Eritrean Student Group Welcomes Country’s Cycling Team to Campus

News Sport
Members of the Eritrean Student Association at the Virginia Commonwealth University with the Eritrean National Cycling Team
Members of the Eritrean Student Association at the Virginia Commonwealth University with the Eritrean National Cycling Team gather in the Student Commons Theater. VCU professor of mathematics, Ghidewon Abay-Asmerom, Ph.D., (center) is one of the main people organizing Team Eritrea’s stay in Richmond.

By Patrick Kane | Virginia Commonwealth University,

Members of the Eritrean National Cycling Team didn’t have to wander far from the 2015 Road World Championships course to feel right at home. Four cyclists from the team, along with members of the delegation accompanying the team, were welcomed by about 30 members of the Eritrean Student Association for a meet and greet at the University Student Commons on Tuesday afternoon.

“Eritrea is a small country to begin with, so we’re all a really close community. Our adviser [Ghidewon Abay-Asmerom, Ph.D.] is one of the main people organizing team Eritrea’s stay in Richmond,” said Iman Nur, president of the ESA and a senior information systems major. “We just thought it would be an awesome opportunity to have the cyclists come in.”

Among the riders was Merhawi Kudus, who is one of only two black African cyclists in history to enter and finish the Tour de France. Kudus placed 76th in this summer’s tour riding for the MTN Qhubeka team, the first African team.

“Those of you who have watched the Tour de France, his face was on TV a lot. He was the youngest rider of the Tour de France,” Abay-Asmerom said.

Daniel Teklehaimanot, an Eritrean cyclist who wore the coveted King of the Mountains polka dot jersey (representing the best climber) for several days in the Tour de France, was the other ground-breaking black African cyclist.

“We are proud of them,” Abay-Asmerom said.

Here in Richmond, Kudus placed 21st of 50 riders in Tuesday’s under-23 men’s time trial race.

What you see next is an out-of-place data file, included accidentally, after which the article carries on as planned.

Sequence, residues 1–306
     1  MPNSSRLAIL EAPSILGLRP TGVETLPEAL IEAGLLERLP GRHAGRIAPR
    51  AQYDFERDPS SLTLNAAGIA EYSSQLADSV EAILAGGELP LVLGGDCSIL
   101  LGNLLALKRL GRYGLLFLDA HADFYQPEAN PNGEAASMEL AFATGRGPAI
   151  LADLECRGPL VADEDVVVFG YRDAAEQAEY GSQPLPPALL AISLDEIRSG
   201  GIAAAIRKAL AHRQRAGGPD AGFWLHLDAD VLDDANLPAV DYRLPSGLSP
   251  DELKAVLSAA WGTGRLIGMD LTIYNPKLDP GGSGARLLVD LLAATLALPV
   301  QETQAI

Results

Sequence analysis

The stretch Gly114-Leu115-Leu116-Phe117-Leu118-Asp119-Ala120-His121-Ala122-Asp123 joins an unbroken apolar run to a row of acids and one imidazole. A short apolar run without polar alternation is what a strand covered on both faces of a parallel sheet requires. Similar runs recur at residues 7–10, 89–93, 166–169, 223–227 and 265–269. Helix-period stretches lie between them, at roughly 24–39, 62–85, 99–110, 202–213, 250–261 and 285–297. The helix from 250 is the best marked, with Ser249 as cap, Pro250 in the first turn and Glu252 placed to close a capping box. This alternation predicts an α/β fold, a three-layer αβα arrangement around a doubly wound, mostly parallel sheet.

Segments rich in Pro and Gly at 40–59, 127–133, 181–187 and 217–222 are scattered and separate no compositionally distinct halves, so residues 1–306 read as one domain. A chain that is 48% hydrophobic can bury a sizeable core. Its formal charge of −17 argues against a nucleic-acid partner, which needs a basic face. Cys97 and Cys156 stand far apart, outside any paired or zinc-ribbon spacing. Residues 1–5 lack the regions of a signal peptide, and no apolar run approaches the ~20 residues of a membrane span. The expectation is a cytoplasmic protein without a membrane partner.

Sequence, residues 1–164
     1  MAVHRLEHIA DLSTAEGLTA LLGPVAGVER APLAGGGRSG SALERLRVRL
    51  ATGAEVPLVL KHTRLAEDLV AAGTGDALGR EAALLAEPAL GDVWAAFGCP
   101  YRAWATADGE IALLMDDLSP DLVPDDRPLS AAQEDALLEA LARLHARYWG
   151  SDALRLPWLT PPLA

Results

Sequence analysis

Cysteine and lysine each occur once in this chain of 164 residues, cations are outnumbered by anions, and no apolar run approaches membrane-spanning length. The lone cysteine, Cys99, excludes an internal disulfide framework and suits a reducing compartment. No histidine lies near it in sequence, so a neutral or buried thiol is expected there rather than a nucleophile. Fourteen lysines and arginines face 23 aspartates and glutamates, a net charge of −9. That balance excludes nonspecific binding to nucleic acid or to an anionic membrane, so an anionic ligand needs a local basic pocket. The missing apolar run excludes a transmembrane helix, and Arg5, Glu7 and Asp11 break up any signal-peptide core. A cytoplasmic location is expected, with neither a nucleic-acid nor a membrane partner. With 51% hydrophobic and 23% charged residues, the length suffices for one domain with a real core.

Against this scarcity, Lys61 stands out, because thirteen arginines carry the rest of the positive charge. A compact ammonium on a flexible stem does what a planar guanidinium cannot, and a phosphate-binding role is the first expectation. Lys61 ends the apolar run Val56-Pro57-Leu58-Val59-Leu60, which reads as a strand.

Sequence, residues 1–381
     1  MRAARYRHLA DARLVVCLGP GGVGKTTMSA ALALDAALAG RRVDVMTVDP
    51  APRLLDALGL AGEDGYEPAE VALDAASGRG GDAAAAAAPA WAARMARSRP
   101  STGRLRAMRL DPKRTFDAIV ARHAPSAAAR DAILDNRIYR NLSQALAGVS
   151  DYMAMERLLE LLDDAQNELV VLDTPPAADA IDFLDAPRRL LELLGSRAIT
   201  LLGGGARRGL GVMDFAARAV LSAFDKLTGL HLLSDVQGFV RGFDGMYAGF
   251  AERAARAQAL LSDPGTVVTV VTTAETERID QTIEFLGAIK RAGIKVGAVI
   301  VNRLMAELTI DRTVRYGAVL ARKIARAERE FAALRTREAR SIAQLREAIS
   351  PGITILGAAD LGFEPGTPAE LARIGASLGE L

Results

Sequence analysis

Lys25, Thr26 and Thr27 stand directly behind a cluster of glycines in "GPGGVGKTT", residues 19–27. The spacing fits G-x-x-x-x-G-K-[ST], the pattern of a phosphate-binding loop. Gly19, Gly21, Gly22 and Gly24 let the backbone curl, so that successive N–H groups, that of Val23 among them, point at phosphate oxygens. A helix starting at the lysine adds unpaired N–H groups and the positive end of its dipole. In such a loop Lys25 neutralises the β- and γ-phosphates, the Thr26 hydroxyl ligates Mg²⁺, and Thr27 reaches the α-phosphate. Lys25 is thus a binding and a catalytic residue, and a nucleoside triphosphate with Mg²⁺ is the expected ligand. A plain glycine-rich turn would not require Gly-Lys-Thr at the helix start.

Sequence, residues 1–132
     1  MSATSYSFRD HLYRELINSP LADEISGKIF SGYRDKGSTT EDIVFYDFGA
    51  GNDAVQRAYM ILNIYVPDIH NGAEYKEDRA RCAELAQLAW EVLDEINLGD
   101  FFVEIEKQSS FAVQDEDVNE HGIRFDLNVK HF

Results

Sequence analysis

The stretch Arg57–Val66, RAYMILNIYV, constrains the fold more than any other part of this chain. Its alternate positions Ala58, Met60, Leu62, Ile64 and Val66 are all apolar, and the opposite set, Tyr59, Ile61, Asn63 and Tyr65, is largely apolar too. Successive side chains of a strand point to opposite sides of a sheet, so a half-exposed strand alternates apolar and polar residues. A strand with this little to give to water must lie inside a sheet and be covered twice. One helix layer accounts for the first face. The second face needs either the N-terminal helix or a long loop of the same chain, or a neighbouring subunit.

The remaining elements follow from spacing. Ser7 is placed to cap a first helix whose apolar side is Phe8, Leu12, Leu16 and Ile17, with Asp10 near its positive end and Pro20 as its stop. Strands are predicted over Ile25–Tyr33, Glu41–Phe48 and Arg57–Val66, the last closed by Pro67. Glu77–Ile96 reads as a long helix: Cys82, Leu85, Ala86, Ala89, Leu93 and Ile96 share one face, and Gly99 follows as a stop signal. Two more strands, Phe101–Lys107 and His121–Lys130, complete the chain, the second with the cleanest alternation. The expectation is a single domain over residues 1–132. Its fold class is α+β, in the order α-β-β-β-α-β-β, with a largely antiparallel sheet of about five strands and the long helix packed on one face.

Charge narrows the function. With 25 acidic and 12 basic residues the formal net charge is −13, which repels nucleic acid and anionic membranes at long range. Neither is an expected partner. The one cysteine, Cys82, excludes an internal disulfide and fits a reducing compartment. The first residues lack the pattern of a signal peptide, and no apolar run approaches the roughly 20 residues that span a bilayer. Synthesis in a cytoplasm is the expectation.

The cyclists shared their thoughts about the Richmond course and Southern hospitality.

Kudus said he has enjoyed the course in Richmond, especially the broad roads on much of the course.

“I’m a climber, so I really like the hills, so the hardest is the descents,” he said.

Yonas Tekeste said Richmond and Morocco, where courses go through ancient towns, have been his favorite places to race.

Amanuel Gebregziabher suffered a technical issue and could not compete in the time trial, but will race Friday. “I haven’t yet raced in Richmond, so I’ll give you an answer after I compare it to what I saw in Brazil,” he said, speaking through a translator.

Mekseb Debesay, the fifth cyclist on the national squad, was resting up for today’s men’s elite time trial event. He placed 51st of 70 riders.

Eritrea has a rich history of cycling dating back to the era of Italian colonial occupation, said Asmerom Habtermariam, president of the Eritrean Cycling Federation. Italian officials built sporting fields and hosted competitions – including bicycle racing – in their garrisons.

“Eritreans were limited to being spectators. They weren’t allowed to race and ride, because of racist policies of the colony,” he said, speaking in Tigrinya as Abay-Asmerom translated.

Once integration of sports began, they were soon outracing the Italians. Today, bicycles remain an important means of transportation for people and commerce.

“If you take Daniel Teklehaimanot, the King of the Mountains in the Tour de France, he was a farmer’s kid,” said Habtermariam.

The federation’s efforts to grow the sport is paying off, he said.

“Right now, we’re talking about 3,000 riders. We have a consistent source of riders who are up and coming. Cycling is still growing,” Habtermariam said.

As the cyclists enter the last few days of racing in Richmond, they will see friendly faces and flags in the crowds.

“We’ve been trying to get to all their races, cheering them on,” Nur said.